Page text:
The long-term objective of this project is to understand how the host immune system responds to the opportunistic protozoan parasite, Toxoplasma gondii, and to define the conditions under which immunity is effective and those under which it fails. This application specifically focuses on the role of neutrophils during T. gondii infection. It has recently been shown in mice that neutrophils are essential to survive acute toxoplasmosis, but the means by which they mediate protection are unclear. Polymorphonuclear leukocytes (PMN) are well known as one of the first components of the immune system to arrive at a focus of infection. The major function of these cells is conventionally thought to be microbicidal activity, mediated by phagocytosis and release of toxic molecules such as superoxide. However, a newly emerging view is that neutrophils are an important source of several important proinflammatory cytokines and chemokines. Our hypothesis is that PMN cytokine production accounts for their protective function, and that these cells are a crucial early IL- 12 source which triggers protective immunity to the parasite. There are four specific aims to evaluate this hypothesis. 1, Characterize the spectrum of cytokines and chemokines released by mouse neutrophils in response to T. gondii, and determine how the responses are modulated by exogenous cytokines. This will be accomplished using a combined approach of cytokine microarrays to examine upregulated gene transcription, and ELISA to examine protein expression. 2, Determine whether PMN serve as a source of cytokines, in particular IL-12, during infection initiated by intraperitoneal and oral inoculation. Confocal fluorescence microscopy, flow cytometry, and immunohistochemistry for intracellular cytokines will be employed to achieve this objective. 3, Determine if parasite-triggered neutrophil cytokines influence type 1 cytokine-based immunity.
This aim will be achieved examining the influence of neutrophils and their products on dendritic, T, and NK cell function. 4, Determine if neutrophils display toxoplasmastatic activity, and if such a response is influenced by exogenous cytokines. The ability of these cells to phagocytose tachyzoites will be evaluated using fluorescent endocytosis markers, and effects on parasite replication will be determined by uptake of 3H-UdR, a compound selectively incorporated by proliferating tachyzoites.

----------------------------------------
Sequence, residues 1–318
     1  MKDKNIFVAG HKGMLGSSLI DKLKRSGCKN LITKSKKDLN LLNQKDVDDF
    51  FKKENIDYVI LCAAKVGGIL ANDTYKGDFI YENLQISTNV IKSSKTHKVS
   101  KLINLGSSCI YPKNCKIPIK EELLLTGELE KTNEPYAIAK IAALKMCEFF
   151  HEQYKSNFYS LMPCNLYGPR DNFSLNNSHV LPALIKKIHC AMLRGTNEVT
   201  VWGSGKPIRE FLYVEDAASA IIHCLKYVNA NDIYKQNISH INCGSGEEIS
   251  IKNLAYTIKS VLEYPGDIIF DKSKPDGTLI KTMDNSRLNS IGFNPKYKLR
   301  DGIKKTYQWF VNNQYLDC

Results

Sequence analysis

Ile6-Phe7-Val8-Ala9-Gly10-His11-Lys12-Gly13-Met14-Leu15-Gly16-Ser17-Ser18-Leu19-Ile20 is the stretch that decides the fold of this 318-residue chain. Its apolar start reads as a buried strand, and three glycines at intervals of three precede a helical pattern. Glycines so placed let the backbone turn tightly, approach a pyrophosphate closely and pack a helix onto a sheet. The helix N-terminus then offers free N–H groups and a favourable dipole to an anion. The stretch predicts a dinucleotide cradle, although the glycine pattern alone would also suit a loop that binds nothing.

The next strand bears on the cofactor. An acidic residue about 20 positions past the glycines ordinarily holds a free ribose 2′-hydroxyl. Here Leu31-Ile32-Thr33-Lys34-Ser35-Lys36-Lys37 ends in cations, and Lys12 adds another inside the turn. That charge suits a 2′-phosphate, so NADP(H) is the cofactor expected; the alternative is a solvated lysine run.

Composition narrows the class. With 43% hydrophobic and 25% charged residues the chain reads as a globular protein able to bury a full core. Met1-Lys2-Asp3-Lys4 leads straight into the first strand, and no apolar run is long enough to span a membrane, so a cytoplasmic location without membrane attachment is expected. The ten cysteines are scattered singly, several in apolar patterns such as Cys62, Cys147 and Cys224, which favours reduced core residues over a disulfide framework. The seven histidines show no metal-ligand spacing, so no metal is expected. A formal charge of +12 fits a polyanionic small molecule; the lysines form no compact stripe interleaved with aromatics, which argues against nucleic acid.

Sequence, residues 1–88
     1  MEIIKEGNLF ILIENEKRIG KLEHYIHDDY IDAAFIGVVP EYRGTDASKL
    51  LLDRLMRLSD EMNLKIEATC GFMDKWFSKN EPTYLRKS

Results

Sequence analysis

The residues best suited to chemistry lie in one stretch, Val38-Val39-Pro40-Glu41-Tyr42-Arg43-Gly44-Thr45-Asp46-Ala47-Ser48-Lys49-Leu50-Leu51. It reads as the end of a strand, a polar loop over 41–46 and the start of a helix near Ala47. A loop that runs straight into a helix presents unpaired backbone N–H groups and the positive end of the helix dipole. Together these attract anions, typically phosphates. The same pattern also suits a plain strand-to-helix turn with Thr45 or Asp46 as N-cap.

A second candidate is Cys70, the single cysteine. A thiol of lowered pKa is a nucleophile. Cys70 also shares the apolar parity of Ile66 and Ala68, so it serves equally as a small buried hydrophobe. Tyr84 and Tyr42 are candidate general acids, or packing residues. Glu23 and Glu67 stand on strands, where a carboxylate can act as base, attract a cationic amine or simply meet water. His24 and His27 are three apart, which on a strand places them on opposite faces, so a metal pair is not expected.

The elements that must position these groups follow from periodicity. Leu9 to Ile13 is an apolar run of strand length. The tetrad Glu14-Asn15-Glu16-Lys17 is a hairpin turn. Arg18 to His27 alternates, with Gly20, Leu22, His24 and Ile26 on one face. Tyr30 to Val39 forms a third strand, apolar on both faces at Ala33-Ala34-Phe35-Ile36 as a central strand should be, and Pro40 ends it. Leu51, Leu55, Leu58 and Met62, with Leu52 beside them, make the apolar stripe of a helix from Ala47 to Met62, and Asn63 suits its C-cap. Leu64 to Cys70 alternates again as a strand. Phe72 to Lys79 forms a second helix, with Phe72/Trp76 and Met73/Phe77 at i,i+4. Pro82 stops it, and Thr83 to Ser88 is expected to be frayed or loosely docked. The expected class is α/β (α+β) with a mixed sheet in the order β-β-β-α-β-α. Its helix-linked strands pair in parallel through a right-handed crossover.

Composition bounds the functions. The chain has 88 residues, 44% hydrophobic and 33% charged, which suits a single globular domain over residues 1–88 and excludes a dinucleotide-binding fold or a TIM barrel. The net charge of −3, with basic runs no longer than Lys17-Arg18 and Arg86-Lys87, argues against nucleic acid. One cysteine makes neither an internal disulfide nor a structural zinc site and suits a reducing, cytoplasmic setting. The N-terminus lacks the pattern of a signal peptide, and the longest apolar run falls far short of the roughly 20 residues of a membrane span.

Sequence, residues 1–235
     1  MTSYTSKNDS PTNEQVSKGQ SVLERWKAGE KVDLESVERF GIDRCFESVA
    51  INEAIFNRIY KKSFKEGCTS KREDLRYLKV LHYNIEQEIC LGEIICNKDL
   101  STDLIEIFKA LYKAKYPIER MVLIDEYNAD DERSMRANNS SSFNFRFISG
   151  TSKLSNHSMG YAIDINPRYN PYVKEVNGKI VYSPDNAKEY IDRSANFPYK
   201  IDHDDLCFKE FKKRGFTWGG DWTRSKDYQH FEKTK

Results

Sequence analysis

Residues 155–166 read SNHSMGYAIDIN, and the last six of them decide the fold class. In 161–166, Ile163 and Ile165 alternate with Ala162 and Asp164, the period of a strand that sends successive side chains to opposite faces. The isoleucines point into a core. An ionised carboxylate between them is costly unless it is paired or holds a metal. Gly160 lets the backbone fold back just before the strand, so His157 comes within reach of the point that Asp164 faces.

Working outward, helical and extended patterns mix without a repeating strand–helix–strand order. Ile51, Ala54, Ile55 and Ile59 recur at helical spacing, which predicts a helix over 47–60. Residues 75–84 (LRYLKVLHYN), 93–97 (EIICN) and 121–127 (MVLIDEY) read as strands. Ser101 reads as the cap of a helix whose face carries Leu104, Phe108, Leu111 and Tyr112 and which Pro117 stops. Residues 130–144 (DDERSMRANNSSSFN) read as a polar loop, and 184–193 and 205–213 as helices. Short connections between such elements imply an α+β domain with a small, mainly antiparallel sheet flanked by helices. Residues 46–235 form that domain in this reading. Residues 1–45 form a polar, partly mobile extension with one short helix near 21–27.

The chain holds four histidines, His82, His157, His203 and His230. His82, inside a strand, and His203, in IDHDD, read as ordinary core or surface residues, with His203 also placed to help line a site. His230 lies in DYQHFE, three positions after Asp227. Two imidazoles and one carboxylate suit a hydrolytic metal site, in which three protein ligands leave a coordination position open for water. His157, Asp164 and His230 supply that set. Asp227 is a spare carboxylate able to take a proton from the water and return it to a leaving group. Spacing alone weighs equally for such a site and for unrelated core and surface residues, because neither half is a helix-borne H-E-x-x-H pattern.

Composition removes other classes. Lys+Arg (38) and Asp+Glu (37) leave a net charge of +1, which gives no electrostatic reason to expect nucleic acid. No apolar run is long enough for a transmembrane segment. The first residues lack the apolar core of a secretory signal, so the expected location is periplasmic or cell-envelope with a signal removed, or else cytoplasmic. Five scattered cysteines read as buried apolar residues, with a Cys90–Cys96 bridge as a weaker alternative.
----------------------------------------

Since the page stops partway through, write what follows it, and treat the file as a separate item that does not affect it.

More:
National Institute of Health (NIH)
National Institute of Allergy and Infectious Diseases (NIAID)
Research Project (R01)
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Tropical Medicine and Parasitology Study Section (TMP)
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Wali, Tonu M
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Cornell University
Schools of Veterinary Medicine
United States
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Abi Abdallah, Delbert S; Lin, Changyou; Ball, Carissa J et al. (2012) Toxoplasma gondii triggers release of human and mouse neutrophil extracellular traps. Infect Immun 80:768-77
Abi Abdallah, Delbert S; Egan, Charlotte E; Butcher, Barbara A et al. (2011) Mouse neutrophils are professional antigen-presenting cells programmed to instruct Th1 and Th17 T-cell differentiation. Int Immunol 23:317-26
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Sukhumavasi, Woraporn; Egan, Charlotte E; Denkers, Eric Y (2007) Mouse neutrophils require JNK2 MAPK for Toxoplasma gondii-induced IL-12p40 and CCL2/MCP-1 release. J Immunol 179:3570-7
Bennouna, Soumaya; Sukhumavasi, Woraporn; Denkers, Eric Y (2006) Toxoplasma gondii inhibits toll-like receptor 4 ligand-induced mobilization of intracellular tumor necrosis factor alpha to the surface of mouse peritoneal neutrophils. Infect Immun 74:4274-81
Bennouna, Soumaya; Denkers, Eric Y (2005) Microbial antigen triggers rapid mobilization of TNF-alpha to the surface of mouse neutrophils transforming them into inducers of high-level dendritic cell TNF-alpha production. J Immunol 174:4845-51

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